Over the last few weeks, oil prices have come crashing down. Consumers are feeling those effects at the pumps. In July, we were faced with record highs of over $4 per gallon. Now, according to the Energy Information Administration, the US average is down to $1.811 -- Americans haven't seen these gas prices in a few years.
The real question is will Americans flock back to the gas guzzling SUVs and trucks? Will this impact alternative vehicle innovation? Will Hummer make a comeback?
Across the board, auto sales have dropped. We continued the 13-month decline as November sales dropped 37%, a 26-year low. General Motors fell 41%, Chrysler fell 47%, even Toyota fell 34%. But suddenly, used SUV prices are seeing a bit of a comeback. Falling gas prices have slowed the demand for hybrid vehicles and smaller cars.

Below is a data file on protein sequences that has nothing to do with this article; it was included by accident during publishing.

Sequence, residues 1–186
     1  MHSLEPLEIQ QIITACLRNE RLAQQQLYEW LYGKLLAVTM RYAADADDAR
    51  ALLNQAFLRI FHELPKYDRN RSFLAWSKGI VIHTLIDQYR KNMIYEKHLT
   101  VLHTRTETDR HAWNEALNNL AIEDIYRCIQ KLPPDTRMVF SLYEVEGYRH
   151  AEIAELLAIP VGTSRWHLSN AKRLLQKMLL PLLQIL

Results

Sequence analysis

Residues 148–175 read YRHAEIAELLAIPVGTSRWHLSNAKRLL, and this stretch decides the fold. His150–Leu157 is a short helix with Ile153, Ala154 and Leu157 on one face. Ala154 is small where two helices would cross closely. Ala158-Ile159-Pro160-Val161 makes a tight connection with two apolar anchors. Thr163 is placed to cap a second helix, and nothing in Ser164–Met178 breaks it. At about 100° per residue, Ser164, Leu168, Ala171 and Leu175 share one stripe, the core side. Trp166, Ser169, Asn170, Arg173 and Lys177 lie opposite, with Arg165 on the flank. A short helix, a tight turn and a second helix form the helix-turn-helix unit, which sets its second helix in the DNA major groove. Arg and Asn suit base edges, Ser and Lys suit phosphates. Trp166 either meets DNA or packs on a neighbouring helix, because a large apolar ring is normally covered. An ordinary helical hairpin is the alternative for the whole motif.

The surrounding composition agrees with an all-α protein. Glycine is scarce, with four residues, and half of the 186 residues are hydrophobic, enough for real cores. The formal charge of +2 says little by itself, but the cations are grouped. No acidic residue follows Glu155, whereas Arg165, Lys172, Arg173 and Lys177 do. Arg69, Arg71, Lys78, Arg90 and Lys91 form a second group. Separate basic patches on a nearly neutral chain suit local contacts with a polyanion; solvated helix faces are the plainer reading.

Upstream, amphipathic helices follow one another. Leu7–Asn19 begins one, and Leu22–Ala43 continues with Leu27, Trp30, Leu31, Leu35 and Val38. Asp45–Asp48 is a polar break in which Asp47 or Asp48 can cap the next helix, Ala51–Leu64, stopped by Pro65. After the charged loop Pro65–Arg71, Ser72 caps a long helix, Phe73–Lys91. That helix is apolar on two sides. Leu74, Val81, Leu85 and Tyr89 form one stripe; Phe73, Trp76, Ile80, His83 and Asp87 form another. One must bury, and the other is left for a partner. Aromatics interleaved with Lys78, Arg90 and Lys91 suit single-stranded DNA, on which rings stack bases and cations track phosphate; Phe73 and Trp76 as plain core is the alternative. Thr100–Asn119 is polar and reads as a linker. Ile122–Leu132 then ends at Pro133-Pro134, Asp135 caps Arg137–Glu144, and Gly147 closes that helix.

Today, US auto companies, including Ford, Chrysler, and GM, went back to Capitol Hill to rally for emergency loans -- $34 billion of emergency loans. President-elect Barack Obama said on Wednesday that any bailout should be based on "realistic assesments" of the market. It remains to be seen if those realistic assements will include support of electric vehicle technology like the Tesla Roadster and the Chevy Volt.
Despite any economic downturn and desperate attempts for bailout, GM continues to say that plans to roll out the Chevy Volt are still underway. According to Design News, GM spokesman Rob Peterson said "The Volt is the lead program for General Motors...We're moving forward with it and that's not going to change."
Either way, the auto industry is in a pretty bad way; and consumer demand may prove to be more fickle than any environmentalist might hope. Time will tell if the Volt will hit the road or if Tesla Motors will be able to get the Model S off the ground. As Rick Wagoner, GM CEO, said in a Fox News interview, "We're here today because we made mistakes which we're learning from." Time will tell, Rick. Time will tell.